Plus, a new fund from Davis, manager changes, and more.
Fidelity Investments has agreed to pay an $8 million civil penalty to settle an SEC investigation of trading desk infractions that goes back several years. The SEC investigated whether Fidelity traders' acceptance of gifts from brokers--among other conflicts of interest such as family or romantic ties--led them to fail to seek the most favorable trade terms for Fidelity's funds. The decision comes on top of Fidelity's agreement, in late 2006, to pay $42 million to various mutual funds as a penalty for trader misconduct. The SEC also fined Fidelity trustee and vice chairman Peter Lynch, among others, for accepting tens of thousands of dollars worth of concert and sporting event tickets and private-jet flights. To prevent potential conflicts of interest at its trading desk in the future, Fidelity has enhanced oversight of its traders, and the employees cited by the SEC in this investigation no longer work on the desk.
In other news from the shop, Fidelity Select Paper & Forest Products FSPFX and Fidelity Select Leisure FDLSX have new managers. At the former fund, John Sheehy joins Justin Bennett as comanager. Sheehy is in only his second year at Fidelity. At the latter fund, Peter Dixon succeeds Geoff Kulli as manager. Dixon joined Fidelity in 2006.
Four PIMCO Funds Get New Manager
PIMCO Global Bond PIGLX and PIMCO Foreign Bond PFBDX and their respective siblings that hedge currency risk--PIMCO Global Bond (USD-hedged) PGBIX and PIMCO Foreign Bond (USD-hedged) PFODX--have a new manager. Scott Mather has taken over the portfolios from Sudi Mariappa, who will stay at PIMCO and continue managing separate accounts that employ the same strategies. Mather has more than 13 years of investment experience, including plenty of analysis of overseas debt. He returns to the states from PIMCO's European offices, where he oversaw global portfolio management and ran a number of pan-European portfolios. He's also a managing director and a member of PIMCO's Investment Committee.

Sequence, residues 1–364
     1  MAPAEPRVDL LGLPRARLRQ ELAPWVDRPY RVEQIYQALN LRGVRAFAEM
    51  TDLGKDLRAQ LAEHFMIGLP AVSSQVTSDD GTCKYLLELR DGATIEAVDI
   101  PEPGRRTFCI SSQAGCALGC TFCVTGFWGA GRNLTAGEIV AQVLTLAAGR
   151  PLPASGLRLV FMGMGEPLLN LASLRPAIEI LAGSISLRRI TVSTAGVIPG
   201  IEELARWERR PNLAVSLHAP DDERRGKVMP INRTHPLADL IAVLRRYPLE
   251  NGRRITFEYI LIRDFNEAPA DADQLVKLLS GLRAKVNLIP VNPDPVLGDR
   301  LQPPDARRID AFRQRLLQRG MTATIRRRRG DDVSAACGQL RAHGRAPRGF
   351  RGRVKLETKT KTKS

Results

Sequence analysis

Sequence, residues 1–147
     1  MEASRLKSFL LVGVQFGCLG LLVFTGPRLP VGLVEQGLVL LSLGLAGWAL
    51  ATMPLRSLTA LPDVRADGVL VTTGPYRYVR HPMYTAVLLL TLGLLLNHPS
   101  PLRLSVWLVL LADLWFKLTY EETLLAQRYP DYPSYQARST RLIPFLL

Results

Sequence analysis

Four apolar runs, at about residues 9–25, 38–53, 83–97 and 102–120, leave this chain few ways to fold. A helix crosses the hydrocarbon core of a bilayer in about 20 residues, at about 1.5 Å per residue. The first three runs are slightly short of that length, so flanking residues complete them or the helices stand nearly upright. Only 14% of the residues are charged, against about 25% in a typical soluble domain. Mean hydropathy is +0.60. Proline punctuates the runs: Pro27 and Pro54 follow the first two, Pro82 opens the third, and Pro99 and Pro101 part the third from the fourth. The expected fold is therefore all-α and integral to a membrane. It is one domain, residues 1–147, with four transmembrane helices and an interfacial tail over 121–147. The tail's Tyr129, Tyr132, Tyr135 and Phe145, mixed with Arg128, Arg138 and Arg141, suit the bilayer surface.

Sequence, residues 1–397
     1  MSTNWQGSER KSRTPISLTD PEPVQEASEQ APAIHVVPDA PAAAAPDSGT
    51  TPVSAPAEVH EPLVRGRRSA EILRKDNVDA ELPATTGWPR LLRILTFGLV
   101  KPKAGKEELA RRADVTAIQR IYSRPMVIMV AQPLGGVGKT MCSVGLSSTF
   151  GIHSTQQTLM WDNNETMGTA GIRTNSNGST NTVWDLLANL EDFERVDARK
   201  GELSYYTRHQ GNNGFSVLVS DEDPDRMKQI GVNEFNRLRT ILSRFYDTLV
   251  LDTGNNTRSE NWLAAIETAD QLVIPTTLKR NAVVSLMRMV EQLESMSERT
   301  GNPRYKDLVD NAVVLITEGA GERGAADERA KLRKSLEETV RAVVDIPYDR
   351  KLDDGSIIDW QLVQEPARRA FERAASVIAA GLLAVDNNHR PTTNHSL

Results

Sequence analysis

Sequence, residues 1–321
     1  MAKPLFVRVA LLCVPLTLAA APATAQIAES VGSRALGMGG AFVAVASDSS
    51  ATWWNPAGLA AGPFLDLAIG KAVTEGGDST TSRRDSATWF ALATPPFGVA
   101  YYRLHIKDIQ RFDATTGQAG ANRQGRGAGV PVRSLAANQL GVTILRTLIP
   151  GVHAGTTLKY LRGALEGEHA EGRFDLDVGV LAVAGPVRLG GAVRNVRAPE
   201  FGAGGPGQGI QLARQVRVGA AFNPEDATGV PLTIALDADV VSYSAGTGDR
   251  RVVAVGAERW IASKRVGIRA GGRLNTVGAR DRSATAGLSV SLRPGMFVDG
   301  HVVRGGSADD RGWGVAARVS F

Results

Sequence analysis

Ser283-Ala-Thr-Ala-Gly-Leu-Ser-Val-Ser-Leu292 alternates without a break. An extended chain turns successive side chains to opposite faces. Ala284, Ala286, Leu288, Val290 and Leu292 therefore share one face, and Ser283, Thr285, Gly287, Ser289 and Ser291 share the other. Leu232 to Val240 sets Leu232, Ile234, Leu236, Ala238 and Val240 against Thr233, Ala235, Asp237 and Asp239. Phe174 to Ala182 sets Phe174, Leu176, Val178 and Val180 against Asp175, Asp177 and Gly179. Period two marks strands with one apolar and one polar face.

Davis Plans International Fund
Davis Advisors is launching a foreign-stock fund. Davis International will invest primarily in mid- and large-cap companies based outside the United States. It will be team-managed by a group of Davis analysts, though the firm CEO and manager of Selected American Shares SLSDX, Christopher Davis, is also a team member. The fund has the flexibility to hedge currency risk, but prospectus language indicates that it won't be a standing policy of the investment team. Expenses on funds A shares will be 1.30%,
This team already has a record investing overseas via Davis Global DGFAX, a world-stock fund that just gained a three-year record (topping 95% of peers). Take that record with a grain of salt, though. International stocks have posted strong double-digit annual gains in the past several years. It's likely even funds managed by proven teams will eventually take a breather.
American Century Fund Gets New Manager
American Century Small Cap Value ASVIX has a new comanager. Analyst James Pitman has taken the place of Steve Roth, who has left the firm. Roth had become comanager in late 2006, replacing another manager who left the shop. But despite ongoing instability at the fund's comanager spot, lead manager Benjamin Giele remains in place. He has been part of the management team since the fund's 1998 inception. A strong 2001, during which the fund topped the average small-value rival by nearly 15 percentage points, has helped the fund maintain a respectable long-term record despite inconsistency in recent years. The firm plans to hire or promote from within to replace Pitman as an analyst.
FBR Changes Two Funds' Names, Adds Flexibility
FBR will rename and give more flexibility to two funds. On May 1, 2008, FBR Large-Cap Technology FBRTX will become FBR Technology. This technology fund already has 19% in mid-caps, and could delve further into smaller-company stocks in the future. At the same time, FBR Small Cap Technology FBRCX will become FBR Pegasus Small Cap Growth. Manager Robert Barringer will gain greater flexibility to build a diversified small-cap growth portfolio.
Unless FBR does something about Small Cap Technology's 1.95% expense ratio, we will remain very skeptical of this offering. The history of sibling fund FBR Focus FBRVX, the firm's mid-growth fund that used to tread primarily in small caps, provides only modest hope. Despite that fund's growth to more than $1 billion following the success of manager Chuck Akre, the fund still charges 1.4% while the typical no-load mid-growth rival charges about 1.15%.